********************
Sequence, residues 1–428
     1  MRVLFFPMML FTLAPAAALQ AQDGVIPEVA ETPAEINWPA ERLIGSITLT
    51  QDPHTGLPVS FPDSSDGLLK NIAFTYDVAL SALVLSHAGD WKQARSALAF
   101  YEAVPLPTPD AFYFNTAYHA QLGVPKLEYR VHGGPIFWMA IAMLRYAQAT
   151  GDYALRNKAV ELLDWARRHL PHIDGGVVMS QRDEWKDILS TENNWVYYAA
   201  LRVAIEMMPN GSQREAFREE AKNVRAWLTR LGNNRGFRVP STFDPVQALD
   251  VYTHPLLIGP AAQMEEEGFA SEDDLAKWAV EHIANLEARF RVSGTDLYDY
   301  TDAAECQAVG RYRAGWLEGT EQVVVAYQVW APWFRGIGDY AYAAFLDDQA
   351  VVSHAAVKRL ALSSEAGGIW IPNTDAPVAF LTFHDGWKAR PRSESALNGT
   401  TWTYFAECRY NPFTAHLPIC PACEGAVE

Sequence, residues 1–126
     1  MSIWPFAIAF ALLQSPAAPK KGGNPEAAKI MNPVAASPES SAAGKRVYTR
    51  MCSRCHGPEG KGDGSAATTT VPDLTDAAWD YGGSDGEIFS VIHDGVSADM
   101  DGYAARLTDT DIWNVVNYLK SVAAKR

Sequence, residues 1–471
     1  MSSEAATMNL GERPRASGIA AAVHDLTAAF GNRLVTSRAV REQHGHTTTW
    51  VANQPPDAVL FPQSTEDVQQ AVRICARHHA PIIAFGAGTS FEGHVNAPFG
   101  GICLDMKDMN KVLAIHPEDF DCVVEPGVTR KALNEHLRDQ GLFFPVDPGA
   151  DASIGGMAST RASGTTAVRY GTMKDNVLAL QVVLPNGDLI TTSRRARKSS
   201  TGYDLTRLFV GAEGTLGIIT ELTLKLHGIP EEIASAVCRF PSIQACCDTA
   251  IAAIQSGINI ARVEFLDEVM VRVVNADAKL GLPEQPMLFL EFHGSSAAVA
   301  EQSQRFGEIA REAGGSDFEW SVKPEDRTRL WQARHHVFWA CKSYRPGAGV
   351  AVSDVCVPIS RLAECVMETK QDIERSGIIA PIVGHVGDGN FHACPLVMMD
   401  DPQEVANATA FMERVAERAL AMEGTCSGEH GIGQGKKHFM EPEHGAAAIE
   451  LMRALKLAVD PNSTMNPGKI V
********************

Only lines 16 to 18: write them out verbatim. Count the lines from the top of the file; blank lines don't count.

     1  MSSEAATMNL GERPRASGIA AAVHDLTAAF GNRLVTSRAV REQHGHTTTW
    51  VANQPPDAVL FPQSTEDVQQ AVRICARHHA PIIAFGAGTS FEGHVNAPFG
   101  GICLDMKDMN KVLAIHPEDF DCVVEPGVTR KALNEHLRDQ GLFFPVDPGA